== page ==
I started watching 13 Reasons Why at the recommendation of countless friends, including my best friend. I admit I was actually very intrigued by the show and I got hooked because I, like everyone else, wanted to understand why Hannah Baker completed suicide. There is a lot to say about the show, but I don’t quite know how to articulate it intelligently and I think I need to ponder it more before I give my opinion.
The show got me thinking about the past and it really brought me back to my brother’s suicide attempt. I have so many emotions about the struggles that have occurred in my family’s lives, especially about that evening. I actually wrote a paper about that night and my teacher told me I made her cry. I didn’t write it to move people though, I wrote it because I needed to talk about it. I needed to explain to someone. I needed to tell what I saw and all the emotions I never voiced. That night is not brought up much in my family, mainly because it was such a horrific time and we lived it so why recount what happened? My family has always supported me and my mom was always willing to discuss anything with me, but I’ve never been very good at talk therapy, I have always found more success with healing through my writing.
A lot happened the night of Ryan’s suicide attempt and, recently, when I think of that night I also think of my grandmother. We had been living in my grandmother’s basement for awhile before Ryan’s suicide attempt. At first I thought that living with my grandmother wouldn’t be so bad, but I was wrong. I was miserable there. My family was miserable too. When you have no where else to go though, it’s hard to complain. My grandma, my mom’s mom, had been like most grandma’s, she spoiled us with gifts and treats, and obviously us kids took that for her showing her affection. I love my grandma and I used to think about how lucky I was to have a grandma who loved me so much. My whole view of her changed after that night. I lost any respect I ever had for my grandma and I felt hurt in a way I never thought she’d hurt me. I lost my grandma that night, but I wouldn’t realize that till later.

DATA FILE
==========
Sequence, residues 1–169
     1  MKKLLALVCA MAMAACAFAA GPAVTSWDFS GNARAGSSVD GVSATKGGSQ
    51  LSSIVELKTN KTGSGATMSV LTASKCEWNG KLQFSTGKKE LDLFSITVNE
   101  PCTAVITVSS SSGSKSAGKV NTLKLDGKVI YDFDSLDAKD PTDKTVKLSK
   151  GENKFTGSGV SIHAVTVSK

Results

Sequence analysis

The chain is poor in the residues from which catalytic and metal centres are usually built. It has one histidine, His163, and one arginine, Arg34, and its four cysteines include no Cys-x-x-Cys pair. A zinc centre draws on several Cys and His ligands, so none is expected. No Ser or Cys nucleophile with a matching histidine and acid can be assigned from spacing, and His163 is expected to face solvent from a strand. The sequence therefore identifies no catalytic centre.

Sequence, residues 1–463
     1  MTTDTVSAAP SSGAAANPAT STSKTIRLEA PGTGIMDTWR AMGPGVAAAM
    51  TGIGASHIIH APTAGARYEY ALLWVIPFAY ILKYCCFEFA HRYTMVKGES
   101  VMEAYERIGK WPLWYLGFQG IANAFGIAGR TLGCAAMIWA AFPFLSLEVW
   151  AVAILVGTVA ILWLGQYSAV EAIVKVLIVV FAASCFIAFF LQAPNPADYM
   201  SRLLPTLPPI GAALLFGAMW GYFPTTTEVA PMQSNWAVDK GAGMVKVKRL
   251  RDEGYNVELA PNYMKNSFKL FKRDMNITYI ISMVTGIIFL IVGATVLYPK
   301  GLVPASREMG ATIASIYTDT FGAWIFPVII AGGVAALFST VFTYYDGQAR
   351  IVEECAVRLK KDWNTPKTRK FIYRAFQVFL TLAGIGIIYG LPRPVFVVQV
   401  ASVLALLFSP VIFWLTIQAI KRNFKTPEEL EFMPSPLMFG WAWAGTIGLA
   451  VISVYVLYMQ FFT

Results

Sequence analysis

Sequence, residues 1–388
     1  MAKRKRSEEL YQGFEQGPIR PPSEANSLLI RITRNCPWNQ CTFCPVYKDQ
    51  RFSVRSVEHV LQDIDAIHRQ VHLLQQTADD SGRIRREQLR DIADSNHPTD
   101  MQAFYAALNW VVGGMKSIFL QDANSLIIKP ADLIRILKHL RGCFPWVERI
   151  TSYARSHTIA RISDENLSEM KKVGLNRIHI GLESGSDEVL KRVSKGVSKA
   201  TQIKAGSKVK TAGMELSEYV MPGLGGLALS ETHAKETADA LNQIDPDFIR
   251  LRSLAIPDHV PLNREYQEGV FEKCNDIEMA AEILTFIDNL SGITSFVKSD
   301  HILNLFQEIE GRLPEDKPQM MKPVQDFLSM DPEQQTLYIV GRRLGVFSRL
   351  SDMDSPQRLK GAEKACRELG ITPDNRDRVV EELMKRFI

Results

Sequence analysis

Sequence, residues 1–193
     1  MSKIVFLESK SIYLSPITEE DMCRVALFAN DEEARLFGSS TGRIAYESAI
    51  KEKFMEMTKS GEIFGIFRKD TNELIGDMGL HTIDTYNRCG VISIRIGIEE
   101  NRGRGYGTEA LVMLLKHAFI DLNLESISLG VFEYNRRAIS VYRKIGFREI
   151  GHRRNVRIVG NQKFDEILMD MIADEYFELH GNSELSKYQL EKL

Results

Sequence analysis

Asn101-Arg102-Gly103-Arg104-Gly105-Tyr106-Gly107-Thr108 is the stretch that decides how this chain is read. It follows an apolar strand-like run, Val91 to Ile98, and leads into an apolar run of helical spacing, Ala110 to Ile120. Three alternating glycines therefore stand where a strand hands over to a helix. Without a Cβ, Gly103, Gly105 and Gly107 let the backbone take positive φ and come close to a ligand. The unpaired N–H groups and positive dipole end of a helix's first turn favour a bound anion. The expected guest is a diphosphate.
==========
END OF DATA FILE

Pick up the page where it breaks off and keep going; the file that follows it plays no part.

That night, my mom and Ryan were in the “kitchen” (there was no separate kitchen space… nor do I think it could really qualify as a kitchen) and I was in my bedroom with my younger brothers. Ryan was about 13 years old, I was 11, Aidan was 7, and Liam was 6. I am amazed at how young that seems to me now, but at that time neither Ryan nor I felt like kids. As Ryan was breaking down, my mom was trying to calm him down and get everything under control while worrying about Aidan, Liam, and me. I took care of Aidan and Liam until my mom’s friend came to take over. I blasted music, played games, and distracted them as best I could. When my mom’s friend took over, I walked out of my room to check on my mom and Ryan and watched as my mom tried to keep my brother from going through with his plan. Later in the night, the paramedics arrived and my started tending to Ryan. He was situated on the couch when my grandma came down. She sat down next to him and tried to hold his hand, but he pulled away. My grandma responded with: “Now you won’t even hold my hand?”, then storming upstairs like a scolded child, passing right by me without a glance.